Category Archives: Book Commentary


I listened to the latest episode of the Les Misérables Reading Companion, which brings us up to the introduction of Patron-Minette and the “Jondrette” family. A few thoughts:

  1. I’m impressed with the callback to the miner’s candlestick from back in Digne as Hugo dives into the mining metaphor. (Valjean considers using it to attack the sleeping Bishop. The Denny translation calls it a spike, losing the more immediate callback in the Bishop’s gift of actual candlesticks.)
  2. Now that she points it out, Éponine’s description when we first meet her as a teenager does rather resemble Fantine’s by the time she’s dying: skin and bones, prematurely aged, missing teeth, even a raspy voice.
  3. Three times through the book. Three times. And I never caught on to the implications of just how far Thénardier goes in exploiting his daughters. The way she’s undisturbed walking into Marius’ bedroom, phrases in the letters, the way she smiles at Marius at one point… Ugh.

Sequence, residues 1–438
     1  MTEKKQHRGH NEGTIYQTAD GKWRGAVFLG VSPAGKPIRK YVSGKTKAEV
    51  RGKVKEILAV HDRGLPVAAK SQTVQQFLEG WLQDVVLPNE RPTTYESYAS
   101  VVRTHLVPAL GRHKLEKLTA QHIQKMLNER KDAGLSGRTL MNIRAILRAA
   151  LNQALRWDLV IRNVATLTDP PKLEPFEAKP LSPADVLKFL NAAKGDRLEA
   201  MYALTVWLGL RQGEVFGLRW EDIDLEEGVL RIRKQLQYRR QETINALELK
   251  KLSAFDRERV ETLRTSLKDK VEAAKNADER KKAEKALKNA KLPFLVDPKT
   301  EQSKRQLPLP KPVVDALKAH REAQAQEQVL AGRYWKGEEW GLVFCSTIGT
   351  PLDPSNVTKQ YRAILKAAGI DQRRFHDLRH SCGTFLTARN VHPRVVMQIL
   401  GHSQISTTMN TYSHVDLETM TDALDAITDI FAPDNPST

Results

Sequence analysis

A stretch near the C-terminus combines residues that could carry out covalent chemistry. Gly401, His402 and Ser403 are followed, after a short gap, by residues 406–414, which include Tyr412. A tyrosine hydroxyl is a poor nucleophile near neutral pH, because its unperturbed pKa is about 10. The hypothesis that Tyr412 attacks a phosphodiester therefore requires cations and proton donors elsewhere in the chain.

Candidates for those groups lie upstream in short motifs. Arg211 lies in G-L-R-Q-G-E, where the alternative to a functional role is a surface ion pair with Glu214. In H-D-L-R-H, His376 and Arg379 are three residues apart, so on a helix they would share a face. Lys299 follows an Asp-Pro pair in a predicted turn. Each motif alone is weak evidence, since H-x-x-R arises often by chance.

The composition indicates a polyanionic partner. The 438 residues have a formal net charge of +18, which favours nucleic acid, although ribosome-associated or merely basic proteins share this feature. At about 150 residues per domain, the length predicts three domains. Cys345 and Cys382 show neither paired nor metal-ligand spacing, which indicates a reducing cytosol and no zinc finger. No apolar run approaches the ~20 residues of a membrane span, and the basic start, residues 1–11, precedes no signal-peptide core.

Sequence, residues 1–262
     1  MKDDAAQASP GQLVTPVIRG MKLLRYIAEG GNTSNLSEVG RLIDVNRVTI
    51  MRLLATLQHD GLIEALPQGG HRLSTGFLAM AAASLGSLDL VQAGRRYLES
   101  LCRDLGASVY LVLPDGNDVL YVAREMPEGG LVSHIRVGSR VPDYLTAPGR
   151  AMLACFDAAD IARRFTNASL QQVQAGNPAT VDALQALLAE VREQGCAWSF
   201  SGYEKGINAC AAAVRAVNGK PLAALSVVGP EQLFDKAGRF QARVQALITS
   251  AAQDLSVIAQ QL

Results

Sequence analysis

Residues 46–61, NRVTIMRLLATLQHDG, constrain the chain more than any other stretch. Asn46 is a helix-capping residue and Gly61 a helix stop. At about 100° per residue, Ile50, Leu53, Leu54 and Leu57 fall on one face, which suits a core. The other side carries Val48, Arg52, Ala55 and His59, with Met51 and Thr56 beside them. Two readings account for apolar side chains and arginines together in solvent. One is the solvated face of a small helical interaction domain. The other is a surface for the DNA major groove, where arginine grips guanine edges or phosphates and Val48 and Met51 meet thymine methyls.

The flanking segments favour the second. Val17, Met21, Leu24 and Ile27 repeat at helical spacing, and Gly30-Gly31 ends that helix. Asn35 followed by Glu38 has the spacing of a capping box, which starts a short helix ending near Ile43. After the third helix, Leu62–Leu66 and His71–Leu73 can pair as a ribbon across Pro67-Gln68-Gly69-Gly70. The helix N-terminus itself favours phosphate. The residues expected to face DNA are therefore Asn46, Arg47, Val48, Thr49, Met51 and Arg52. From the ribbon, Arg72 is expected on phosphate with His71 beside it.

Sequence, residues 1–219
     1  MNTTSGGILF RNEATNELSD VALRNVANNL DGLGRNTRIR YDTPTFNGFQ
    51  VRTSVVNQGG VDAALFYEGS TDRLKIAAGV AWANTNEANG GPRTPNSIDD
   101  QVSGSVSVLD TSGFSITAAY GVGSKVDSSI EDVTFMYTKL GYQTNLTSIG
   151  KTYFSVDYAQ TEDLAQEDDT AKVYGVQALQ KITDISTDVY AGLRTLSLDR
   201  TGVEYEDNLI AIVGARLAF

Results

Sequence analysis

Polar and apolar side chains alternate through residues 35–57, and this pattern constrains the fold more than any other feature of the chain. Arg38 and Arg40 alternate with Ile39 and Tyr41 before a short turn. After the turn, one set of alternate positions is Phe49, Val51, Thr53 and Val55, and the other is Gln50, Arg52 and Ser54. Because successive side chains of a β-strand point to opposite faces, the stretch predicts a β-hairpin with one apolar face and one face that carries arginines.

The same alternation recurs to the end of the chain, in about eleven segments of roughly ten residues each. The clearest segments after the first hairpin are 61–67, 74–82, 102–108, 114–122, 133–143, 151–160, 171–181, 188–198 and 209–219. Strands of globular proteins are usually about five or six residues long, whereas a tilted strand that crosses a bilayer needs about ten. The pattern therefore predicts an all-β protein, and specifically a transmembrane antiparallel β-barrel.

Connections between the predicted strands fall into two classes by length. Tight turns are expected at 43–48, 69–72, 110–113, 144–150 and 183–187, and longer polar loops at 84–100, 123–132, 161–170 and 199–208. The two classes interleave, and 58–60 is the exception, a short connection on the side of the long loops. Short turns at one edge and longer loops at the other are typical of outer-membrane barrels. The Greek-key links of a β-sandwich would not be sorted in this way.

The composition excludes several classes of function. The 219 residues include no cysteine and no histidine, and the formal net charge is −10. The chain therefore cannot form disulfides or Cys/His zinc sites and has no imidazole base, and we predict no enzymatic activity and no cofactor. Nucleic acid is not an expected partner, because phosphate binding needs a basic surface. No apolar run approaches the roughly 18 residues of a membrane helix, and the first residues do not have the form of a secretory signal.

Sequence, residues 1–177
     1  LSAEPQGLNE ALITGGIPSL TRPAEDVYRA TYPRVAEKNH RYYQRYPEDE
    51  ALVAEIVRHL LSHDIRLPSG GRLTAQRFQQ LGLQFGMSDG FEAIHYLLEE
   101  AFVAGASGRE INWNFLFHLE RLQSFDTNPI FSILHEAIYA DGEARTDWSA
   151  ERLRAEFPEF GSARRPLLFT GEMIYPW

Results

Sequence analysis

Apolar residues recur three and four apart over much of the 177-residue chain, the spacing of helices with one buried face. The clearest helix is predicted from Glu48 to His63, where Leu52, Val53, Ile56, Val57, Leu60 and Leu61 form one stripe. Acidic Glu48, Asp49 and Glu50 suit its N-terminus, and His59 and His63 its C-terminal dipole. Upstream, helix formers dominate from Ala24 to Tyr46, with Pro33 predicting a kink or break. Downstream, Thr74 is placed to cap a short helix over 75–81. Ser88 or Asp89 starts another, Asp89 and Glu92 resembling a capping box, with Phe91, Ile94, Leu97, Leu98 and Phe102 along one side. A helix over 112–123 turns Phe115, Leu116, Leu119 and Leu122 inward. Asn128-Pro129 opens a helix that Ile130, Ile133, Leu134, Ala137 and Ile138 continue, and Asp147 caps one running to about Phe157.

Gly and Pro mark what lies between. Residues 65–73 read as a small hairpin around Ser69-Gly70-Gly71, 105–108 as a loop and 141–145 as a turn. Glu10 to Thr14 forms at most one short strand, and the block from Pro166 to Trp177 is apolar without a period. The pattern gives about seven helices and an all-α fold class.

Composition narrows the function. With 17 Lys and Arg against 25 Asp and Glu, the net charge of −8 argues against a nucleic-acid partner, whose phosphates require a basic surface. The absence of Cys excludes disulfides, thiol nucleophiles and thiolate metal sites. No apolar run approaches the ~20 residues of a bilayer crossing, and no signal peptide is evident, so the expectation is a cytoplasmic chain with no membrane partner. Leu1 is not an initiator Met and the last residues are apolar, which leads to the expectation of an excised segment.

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Marius Joins the Persecution

It’s so frustrating to watch Marius take part in the same condemnation that the people of Digne showed Jean Valjean when he arrived there two decades earlier. With all his ideals, you want him to know better, but he “had not yet made full progress” and still believes that shunning the ex-convict is the right thing to do. He makes Valjean unwelcome and does his best to distract Cosette and weaken her emotional ties to her father.

But Marius has also scrupulously tried to pay back Thénardier for saving his father’s life, despite knowing how vile he is. Unlike Javert, who struggles with the idea of owing Valjean his life, Marius wouldn’t hesitate to honor his debt of gratitude.

Valjean knows this. Maybe not the Thénardier connection, but he’s observed Marius’ character, and Marius has mentioned looking for the man who saved his life at the barricade. And he knows that Marius would insist that he stay…which is why he doesn’t tell him. Valjean tells Marius the bare minimum, leaving him to fill in the blanks as darkly as possible: he already believes Valjean murdered Javert, and as he investigates, he comes to believe that Valjean defrauded M. Madeleine.